effrontery


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ef·front·er·y

 (ĭ-frŭn′tə-rē)
n. pl. ef·front·er·ies
Brazen boldness; presumptuousness.

[French effronterie, from effronté, shameless, from Old French esfronte, from Vulgar Latin *effrontātus, alteration of Late Latin effrōns, effront- : ex-, ex- + frōns, front-, front, forehead.]

effrontery

(ɪˈfrʌntərɪ)
n, pl -ies
shameless or insolent boldness; impudent presumption; audacity; temerity
[C18: from French effronterie, from Old French esfront barefaced, shameless, from Late Latin effrons, literally: putting forth one's forehead; see front]

ef•fron•ter•y

(ɪˈfrʌn tə ri)

n., pl. -ter•ies.
1. shameless or impudent boldness; barefaced audacity.
2. an act or instance of this.
[1705–15; < French effronterie, derivative of Old French esfront shameless]
ThesaurusAntonymsRelated WordsSynonymsLegend:
Noun1.effrontery - audacious (even arrogant) behavior that you have no right to; "he despised them for their presumptuousness"
audaciousness, audacity - aggressive boldness or unmitigated effrontery; "he had the audacity to question my decision"
uppishness, uppityness - assumption of airs beyond one's station

effrontery

noun insolence, nerve, arrogance, presumption, face (informal), front, neck (informal), cheek (informal), assurance, brass (informal), gall (informal), disrespect, audacity, boldness, rudeness, temerity, chutzpah (U.S. & Canad. informal), impertinence, impudence, brashness, brass neck (Brit. informal), shamelessness, incivility, cheekiness, brazenness He had the effrontery to turn up on my doorstep at 2 in the morning.

effrontery

noun
Translations
وَقاحَه، صَفاقَه
frækheduforskammethed
óskammfeilni; dónaskapur
nekaunība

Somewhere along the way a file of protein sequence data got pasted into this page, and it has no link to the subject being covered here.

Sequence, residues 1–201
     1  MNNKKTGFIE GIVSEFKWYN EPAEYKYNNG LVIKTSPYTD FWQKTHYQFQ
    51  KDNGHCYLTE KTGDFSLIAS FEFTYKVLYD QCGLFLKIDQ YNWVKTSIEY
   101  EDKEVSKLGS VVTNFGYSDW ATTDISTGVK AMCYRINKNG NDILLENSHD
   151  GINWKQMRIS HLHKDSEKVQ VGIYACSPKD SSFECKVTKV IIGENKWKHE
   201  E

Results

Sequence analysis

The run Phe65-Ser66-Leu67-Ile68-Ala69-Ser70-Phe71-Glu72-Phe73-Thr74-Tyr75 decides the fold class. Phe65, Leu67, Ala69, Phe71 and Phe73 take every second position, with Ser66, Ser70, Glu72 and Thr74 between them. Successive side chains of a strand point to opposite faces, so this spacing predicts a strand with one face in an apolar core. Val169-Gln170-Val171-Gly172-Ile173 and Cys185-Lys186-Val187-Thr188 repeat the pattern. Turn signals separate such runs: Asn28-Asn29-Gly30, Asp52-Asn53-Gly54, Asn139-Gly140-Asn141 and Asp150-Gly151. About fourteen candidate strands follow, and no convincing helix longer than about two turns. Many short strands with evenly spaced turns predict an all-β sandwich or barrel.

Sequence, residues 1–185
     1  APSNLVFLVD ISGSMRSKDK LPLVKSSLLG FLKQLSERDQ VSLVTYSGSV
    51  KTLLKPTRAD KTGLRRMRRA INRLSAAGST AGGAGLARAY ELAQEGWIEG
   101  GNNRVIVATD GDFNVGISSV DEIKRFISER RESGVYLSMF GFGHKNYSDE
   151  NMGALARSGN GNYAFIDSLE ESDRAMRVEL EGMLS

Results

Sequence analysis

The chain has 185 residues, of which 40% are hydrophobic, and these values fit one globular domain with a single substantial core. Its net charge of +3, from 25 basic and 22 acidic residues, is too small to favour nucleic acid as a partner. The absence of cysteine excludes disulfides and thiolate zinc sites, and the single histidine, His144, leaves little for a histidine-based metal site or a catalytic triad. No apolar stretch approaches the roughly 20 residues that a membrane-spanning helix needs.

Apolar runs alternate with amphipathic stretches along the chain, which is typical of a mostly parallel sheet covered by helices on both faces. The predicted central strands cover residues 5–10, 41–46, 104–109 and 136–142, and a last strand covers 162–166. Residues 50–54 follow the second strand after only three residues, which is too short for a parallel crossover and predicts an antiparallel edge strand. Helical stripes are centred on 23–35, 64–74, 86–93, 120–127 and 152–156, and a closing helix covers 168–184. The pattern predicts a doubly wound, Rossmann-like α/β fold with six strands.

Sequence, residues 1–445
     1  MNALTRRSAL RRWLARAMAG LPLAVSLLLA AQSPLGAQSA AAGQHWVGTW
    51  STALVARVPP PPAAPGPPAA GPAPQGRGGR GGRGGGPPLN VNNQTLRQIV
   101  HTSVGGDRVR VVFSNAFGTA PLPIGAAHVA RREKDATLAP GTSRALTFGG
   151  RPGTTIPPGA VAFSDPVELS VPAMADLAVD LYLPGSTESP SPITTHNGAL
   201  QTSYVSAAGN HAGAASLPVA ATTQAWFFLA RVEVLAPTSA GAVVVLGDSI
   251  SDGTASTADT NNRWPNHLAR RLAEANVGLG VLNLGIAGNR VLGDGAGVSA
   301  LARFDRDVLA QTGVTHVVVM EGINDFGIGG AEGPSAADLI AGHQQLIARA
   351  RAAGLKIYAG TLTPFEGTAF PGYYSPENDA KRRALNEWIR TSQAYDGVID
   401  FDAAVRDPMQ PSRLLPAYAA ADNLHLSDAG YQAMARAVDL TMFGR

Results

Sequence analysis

edepsizlikküstahlık

effrontery

[ɪˈfrʌntərɪ] Ndescaro m
he had the effrontery to say thattuvo el descaro de decir que ...

effrontery

[ɪˈfrʌntəri] neffronterie f
to have the effrontery to do sth → avoir l'effronterie de faire qch

effrontery

nUnverschämtheit f; how can you have the effrontery to deny the charge?dass Sie die Frechheit besitzen, den Vorwurf abzustreiten!

effrontery

[ɪˈfrʌntərɪ] nsfrontatezza, sfacciataggine f

effrontery

(iˈfrantəri) noun
impudence. He had the effrontery to call me a liar.
References in classic literature ?
He was generous, and the needy, laughing at him because he believed so naively their stories of distress, borrowed from him with effrontery.
Unkind people said that, like her Imperial namesake, she had won her way to success by strength of will and hardness of heart, and a kind of haughty effrontery that was somehow justified by the extreme decency and dignity of her private life.
one of them holds possession of the Tuileries, one of them is giving Philibert Delorme a scar across the middle of his face; and it is not, assuredly, one of the least of the scandals of our time to see with what effrontery the heavy architecture of this gentleman is being flattened over one of the most delicate façades of the Renaissance!
Our friend had the effrontery almost to laugh at me.
Scores of times I nerved myself almost to the point of asking her, but never quite reached the necessary pitch of effrontery.
I consent, count, and am ready to overlook it; but you perceive that my wife--my wife's a respectable woman --his been exposed to the persecution, and insults, and effrontery of young upstarts, scoundrels.
He stood close to her, and the effrontery in his eyes repelled the old, vanishing self in her, yet drew all her awakening sensuousness.
Basilio and Quiteria having thus joined hands, the priest, deeply moved and with tears in his eyes, pronounced the blessing upon them, and implored heaven to grant an easy passage to the soul of the newly wedded man, who, the instant he received the blessing, started nimbly to his feet and with unparalleled effrontery pulled out the rapier that had been sheathed in his body.
These Gascons," said the cardinal, laughing, "almost beat the Italians in effrontery.
In due course they were moved up, having learned little but a cheerful effrontery in the distortion of truth, which was possibly of greater service to them in after life than an ability to read Latin at sight.
When the supports attached to Tushin's battery had been moved away in the middle of the action by someone's order, the battery had continued firing and was only not captured by the French because the enemy could not surmise that anyone could have the effrontery to continue firing from four quite undefended guns.
Old Sharon's effrontery was equal to any emergency.